The World Health Organization (WHO) has stated that it has erased the difference between endemic and non-endemic nations from its monkeypox statistics in order to provide a more united approach to the virus. The illness was discovered on other continents after previously being exclusive to western and central African countries.
“We are removing the distinction between endemic and non-endemic countries, reporting on countries together where possible, to reflect the unified response that is needed,” the WHO said in its outbreak situation update dated June 17 but sent to media on Saturday.
It went on to say that between January 1 and June 15, the United Nations (UN) health department confirmed at least 2,103 monkeypox cases, including one fatality and one probable case in 42 nations. The elimination of the difference between endemic and non-endemic states comes only days before the Geneva-based agency’s emergency meeting on June 23. The WHO will meet on Thursday to decide whether the global monkeypox epidemic should be declared a public health emergency of international concern.
While the designation of the outbreak as a public health emergency of international concern is the highest alarm the UN agency can sound for the world, 84% of the monkeypox is notably found only in the European region. Other nations where the disease has been confirmed by health authorities include the Americas, Africa, the Eastern Mediterranean region and Western Pacific region. However, WHO has said that it believes the actual number of infections is likely higher.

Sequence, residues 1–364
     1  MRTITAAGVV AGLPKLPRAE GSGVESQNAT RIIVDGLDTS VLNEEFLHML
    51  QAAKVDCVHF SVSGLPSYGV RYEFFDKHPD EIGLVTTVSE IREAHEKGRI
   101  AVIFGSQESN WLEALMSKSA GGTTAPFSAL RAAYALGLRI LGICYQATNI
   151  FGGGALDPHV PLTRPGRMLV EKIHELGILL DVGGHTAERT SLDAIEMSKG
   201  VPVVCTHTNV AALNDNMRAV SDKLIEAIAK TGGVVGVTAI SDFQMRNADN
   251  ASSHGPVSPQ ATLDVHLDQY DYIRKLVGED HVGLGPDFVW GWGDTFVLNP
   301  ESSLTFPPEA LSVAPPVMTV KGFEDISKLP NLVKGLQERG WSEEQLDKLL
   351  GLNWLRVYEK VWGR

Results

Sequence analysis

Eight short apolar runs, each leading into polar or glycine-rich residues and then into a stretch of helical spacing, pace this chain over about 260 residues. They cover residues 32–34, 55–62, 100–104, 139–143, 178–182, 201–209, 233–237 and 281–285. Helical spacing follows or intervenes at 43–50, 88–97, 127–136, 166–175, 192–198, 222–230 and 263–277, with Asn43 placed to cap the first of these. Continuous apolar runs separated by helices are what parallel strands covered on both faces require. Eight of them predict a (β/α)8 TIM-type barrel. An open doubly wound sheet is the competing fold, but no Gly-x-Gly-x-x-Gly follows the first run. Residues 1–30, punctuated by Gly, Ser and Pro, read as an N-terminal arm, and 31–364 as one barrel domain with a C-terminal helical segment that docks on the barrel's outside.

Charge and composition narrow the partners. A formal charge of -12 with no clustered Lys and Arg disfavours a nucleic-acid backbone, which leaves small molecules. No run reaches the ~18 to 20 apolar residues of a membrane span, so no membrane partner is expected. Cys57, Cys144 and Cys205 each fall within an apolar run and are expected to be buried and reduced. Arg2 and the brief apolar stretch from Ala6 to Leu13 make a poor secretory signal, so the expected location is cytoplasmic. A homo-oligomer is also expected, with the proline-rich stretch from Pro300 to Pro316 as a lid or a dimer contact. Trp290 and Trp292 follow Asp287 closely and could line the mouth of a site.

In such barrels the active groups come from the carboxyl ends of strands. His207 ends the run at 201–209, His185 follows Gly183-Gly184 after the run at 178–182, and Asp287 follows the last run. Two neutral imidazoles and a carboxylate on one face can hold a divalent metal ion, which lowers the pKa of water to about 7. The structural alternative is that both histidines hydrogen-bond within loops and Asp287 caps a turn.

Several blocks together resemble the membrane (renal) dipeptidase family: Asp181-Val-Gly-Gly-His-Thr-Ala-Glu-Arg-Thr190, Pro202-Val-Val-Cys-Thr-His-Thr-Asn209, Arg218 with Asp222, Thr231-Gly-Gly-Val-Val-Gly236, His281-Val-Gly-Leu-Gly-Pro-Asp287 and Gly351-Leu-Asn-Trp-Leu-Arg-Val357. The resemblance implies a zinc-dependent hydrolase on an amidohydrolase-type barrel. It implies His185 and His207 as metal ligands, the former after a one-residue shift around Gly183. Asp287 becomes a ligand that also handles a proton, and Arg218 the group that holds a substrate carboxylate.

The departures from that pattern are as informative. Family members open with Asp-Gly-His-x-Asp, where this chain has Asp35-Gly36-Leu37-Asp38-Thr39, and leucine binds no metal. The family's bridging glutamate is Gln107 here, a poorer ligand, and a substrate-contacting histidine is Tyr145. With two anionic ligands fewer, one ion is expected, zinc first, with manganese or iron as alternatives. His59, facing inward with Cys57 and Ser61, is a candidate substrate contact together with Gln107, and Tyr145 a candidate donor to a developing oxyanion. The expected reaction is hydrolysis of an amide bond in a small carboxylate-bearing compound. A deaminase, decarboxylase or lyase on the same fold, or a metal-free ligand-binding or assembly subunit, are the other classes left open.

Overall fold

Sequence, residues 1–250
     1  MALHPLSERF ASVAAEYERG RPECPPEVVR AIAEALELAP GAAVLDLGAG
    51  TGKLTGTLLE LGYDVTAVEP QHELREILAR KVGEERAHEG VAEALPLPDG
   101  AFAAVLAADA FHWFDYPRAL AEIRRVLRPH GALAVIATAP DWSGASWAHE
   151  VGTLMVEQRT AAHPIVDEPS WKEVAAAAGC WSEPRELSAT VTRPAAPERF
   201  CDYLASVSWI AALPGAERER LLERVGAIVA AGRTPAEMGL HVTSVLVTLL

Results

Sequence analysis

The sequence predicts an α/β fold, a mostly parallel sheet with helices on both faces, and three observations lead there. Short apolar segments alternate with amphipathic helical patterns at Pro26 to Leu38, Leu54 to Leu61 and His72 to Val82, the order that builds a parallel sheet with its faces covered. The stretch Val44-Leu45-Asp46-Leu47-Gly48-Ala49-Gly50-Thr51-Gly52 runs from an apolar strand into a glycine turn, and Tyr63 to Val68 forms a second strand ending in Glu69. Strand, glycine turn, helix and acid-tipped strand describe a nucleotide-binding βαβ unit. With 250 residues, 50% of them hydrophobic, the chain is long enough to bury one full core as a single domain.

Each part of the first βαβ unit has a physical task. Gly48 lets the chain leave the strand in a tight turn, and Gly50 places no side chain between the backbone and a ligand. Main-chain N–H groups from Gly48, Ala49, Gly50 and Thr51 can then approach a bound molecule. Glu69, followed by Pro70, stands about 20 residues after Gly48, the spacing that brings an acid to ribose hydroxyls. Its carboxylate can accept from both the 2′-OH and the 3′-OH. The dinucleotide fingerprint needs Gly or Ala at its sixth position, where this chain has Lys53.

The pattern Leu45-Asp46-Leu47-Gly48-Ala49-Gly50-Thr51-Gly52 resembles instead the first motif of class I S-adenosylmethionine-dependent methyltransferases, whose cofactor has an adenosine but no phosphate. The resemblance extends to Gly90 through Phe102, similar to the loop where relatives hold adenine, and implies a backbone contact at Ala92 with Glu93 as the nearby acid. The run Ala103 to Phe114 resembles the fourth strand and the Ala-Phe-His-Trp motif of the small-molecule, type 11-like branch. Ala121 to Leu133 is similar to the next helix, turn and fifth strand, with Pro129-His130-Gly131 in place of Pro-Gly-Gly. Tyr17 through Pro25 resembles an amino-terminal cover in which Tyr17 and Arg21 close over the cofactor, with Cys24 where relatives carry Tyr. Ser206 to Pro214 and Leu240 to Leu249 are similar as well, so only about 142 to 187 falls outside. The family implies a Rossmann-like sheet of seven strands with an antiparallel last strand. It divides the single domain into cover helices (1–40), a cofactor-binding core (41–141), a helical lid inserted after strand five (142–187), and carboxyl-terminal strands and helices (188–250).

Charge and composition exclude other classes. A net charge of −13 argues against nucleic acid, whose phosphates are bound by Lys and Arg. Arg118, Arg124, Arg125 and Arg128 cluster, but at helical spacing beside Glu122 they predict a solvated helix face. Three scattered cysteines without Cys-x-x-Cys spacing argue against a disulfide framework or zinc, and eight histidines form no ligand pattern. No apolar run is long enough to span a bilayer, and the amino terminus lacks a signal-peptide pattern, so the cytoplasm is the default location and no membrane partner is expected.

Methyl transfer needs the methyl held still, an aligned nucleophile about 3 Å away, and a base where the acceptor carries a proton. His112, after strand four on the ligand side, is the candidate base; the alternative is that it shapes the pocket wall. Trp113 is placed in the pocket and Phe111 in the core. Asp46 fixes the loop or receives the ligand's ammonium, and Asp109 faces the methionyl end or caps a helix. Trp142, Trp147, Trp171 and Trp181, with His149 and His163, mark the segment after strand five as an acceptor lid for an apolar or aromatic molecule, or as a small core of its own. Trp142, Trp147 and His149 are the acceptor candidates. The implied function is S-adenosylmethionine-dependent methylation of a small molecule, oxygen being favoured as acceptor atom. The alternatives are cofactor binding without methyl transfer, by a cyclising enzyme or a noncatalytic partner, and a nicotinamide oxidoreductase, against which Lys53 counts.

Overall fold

84% monkeypox cases in European region
While the UN agency’s classification of the epidemic as a public health emergency of worldwide concern is the highest level of warning the globe may get, 84 percent of the monkeypox is discovered solely in Europe. The illness has also been verified by health officials in the Americas, Africa, the Eastern Mediterranean area, and the Western Pacific region. However, the WHO considers that the real number of illnesses is likely to be greater.
However, if monkeypox is deemed a worldwide health emergency, it will have the “same classification” as the COVID-19 pandemic, according to WHO Director-General Tedros Adhanom Ghebreyesus. He also mentioned that gathering specialists outside of the health department might aid in better knowledge of the monkeypox virus.
“With the advice from the emergency committee, we can be in a better position to control the situation. But it doesn’t mean that we are going straight to a public health emergency of international concern,” said Dr Ibrahima Soce Fall, WHO’s emergencies director for Africa, referring to WHO’s highest level of alert for viral outbreaks.
“We don’t want to wait until the situation is out of control to start calling the emergency committee,” he added.
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